Iraqi Prime Minister Nouri al-Maliki speaks during a meeting of the Council of Ministers in Erbil, about 350 km (220 miles) north of Baghdad, June 9, 2013. (photo by REUTERS/Azad Lashkari)
On Jan. 26, 2013, the Iraqi parliament approved a law limiting to two terms the mandates of Iraqi presidents, prime ministers and parliament speakers. Since then, Iraq has witnessed an ongoing debate about the law, which passed with the votes of 170 deputies, mostly from the Iraqiyya bloc, Sadrists, the Kurdistan Alliance, and the Supreme Islamic Council. Prime Minister Nouri al-Maliki’s bloc and its allies boycotted the session.
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Summary :The Iraqi Federal Supreme Court has yet to rule on Prime Minister Nouri al-Maliki's challenge of a term-limit law, which leads some to believe the court is awaiting the results of the 2014 elections.
The Term Limit Law for the 'Iraqi Presidencies' Has Been Under Review by the Federal Court for Five Months
Author: Mushreq Abbas
Translated by: Rani Geha
Categories : Originals Iraq
The term-limit law is controversial because Article 72 of the Iraqi Constitution, which adopted the parliamentarian system, limits the presidential mandate to two terms but says nothing about how many terms the prime minister or the parliament speaker can have.
As soon as the law was proposed, the State of Law coalition objected and appealed the law to the Iraqi Federal Supreme Court, questioning the legality of the parliament session that approved the law and by challenging the constitutionality of the law itself.
On March 12, the court found that the parliamentary session during which the law was passed was “legal” in form. That decision signaled the possibility that the court may reject the appeal on the constitutionality of the term-limit law itself. But the court has not yet ruled on the matter.
It is not clear how the court will decide and many are wondering why the court has yet to issue a decision.
In principle, the law “limiting the mandates of the three Iraqi presidencies” runs against several constitutional considerations in a parliamentary form of government, which usually lets tradition, not the constitution, determine the number of terms a prime minister can have. This is the case in most countries with a parliamentary system.
Parliamentary countries like Turkey and Germany have allowed a prime minister to govern for more than two terms without running afoul of any constitutional clauses or violating prevailing political norms.
Politically, the Iraqi law was a response to the attempt by Maliki and his State of Law parliamentary bloc to hold the prime-ministership for a third term after the 2014 elections.
The justifications cited were that the young Iraqi experience, the instability of state institutions, the sectarian and ethnic conflict, and the history of dictatorship in the country make a third term for any political official a threat to the smooth transfer of power in the political process.
Also, according to his political opponents, the prime minister gave no concrete evidence in his two terms in office that he isn’t seeking returning the country to authoritarian rule. Rather, he has shown a tendency to concentrate political, security and economic power in his hands, something that scared friend and foe alike.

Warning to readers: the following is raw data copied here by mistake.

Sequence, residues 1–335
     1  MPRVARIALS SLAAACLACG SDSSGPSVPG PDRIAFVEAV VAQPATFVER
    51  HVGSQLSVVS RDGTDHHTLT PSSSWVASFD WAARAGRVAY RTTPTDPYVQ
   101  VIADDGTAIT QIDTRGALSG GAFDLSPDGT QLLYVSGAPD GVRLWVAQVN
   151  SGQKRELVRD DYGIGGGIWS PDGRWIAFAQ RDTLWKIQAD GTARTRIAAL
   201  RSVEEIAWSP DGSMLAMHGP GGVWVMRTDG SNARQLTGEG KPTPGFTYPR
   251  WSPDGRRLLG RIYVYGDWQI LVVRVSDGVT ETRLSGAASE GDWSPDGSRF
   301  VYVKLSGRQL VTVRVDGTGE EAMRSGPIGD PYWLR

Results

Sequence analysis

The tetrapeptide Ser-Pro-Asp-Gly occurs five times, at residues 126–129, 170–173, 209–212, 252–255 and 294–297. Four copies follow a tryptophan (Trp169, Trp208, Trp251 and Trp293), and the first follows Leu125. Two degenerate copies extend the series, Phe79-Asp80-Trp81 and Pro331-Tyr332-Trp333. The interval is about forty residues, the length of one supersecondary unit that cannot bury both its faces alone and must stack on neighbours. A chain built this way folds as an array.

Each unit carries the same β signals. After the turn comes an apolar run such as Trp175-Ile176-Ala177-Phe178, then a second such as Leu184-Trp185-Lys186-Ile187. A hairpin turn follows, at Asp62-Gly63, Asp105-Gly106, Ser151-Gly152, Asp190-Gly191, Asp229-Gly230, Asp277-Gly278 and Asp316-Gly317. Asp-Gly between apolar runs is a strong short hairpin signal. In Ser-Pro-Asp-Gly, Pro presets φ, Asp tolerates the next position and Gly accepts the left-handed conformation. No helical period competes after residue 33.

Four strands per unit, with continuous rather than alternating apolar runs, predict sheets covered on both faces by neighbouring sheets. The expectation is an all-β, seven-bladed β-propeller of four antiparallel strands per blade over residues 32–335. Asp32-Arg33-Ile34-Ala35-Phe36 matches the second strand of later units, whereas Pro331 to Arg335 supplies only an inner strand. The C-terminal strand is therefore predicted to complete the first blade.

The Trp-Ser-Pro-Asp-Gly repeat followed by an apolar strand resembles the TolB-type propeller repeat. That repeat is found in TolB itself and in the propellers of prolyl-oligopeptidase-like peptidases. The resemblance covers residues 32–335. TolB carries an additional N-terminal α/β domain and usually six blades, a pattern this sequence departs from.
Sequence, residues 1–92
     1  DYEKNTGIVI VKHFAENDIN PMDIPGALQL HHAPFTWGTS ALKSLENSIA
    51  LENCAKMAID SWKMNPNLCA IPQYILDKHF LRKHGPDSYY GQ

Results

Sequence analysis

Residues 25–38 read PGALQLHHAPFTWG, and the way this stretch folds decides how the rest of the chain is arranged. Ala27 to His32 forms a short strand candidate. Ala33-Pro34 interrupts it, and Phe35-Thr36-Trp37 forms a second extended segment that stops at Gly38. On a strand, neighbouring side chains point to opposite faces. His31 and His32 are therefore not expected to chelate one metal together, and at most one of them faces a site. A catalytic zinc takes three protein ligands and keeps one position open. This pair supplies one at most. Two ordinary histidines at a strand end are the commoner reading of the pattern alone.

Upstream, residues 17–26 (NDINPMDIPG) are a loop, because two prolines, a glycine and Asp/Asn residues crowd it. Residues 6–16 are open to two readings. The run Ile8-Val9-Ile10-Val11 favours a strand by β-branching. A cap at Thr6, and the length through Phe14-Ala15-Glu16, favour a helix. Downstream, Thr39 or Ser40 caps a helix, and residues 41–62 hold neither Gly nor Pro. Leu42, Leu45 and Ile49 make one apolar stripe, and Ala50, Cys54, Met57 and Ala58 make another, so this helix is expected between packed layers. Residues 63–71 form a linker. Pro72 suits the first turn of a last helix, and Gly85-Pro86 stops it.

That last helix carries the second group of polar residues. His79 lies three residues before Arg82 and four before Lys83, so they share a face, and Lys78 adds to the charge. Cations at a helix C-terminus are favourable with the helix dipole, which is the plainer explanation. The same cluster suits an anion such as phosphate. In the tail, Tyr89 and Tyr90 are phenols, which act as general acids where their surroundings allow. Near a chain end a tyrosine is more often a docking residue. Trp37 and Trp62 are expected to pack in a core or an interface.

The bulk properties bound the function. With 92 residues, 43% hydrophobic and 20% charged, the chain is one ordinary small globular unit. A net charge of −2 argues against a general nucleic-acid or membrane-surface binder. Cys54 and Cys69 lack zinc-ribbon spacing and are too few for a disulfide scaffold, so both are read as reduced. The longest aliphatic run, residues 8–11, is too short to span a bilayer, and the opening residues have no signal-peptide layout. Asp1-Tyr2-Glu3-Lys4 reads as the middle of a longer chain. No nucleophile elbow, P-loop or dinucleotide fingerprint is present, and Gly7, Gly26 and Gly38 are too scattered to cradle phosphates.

Further, the deteriorating security conditions, and the local and regional sectarian tensions, are helping politicians mobilize the Iraqi street in their favor.
That last point has probably convinced the Iraqi political scene that relying on tradition to prevent the prime minister from governing for a third term is not enough and that a law clearly preventing that is needed so that a political leader cannot use exceptional circumstances to secure a long reign for himself.
There are two scenarios regarding the term-limit law:
The Federal Supreme Court may have delayed issuing a decision because it is in a dilemma. But the court cannot keep delaying a decision indefinitely. The supporters of the term-limit law fear that the highest court might delay a decision till after the 2014 elections, when the current parliament would be effectively dissolved and thus unable to react to an unfavorable court ruling.
- The court may choose to read the constitution strictly and reject the appeal. If the court takes that route, prime ministers and parliament speakers would have the right to unlimited terms.
- On the other hand, the court may choose not to ignore the decision of Iraqi MPs, who represent the people’s will. Moreover, parliament may choose to change the federal court itself or isolate its head, Midhat al-Mahmoud, whom the parliament’s accountability and justice commission once included in de-Baathification procedures.
The court may also be waiting to see the results of the 2014 elections. If the election results do not allow Maliki to secure a third term, the court may approve the term-limit law.
But the elections are still eight months away, which is plenty of time for the court to issue a decision.
The Federal Supreme Court should not be part of the political conflict in the country and should not tie the timing of its decisions to political considerations. Iraq has too many problems and the federal court should simply issue a fair ruling.
Mushreq Abbas is a contributing writer for Al-Monitor’s Iraq Pulse. He has been managing editor of Al-Hayat’s Iraq bureau since 2005, and written studies and articles on Iraqi crises for domestic and international publication.
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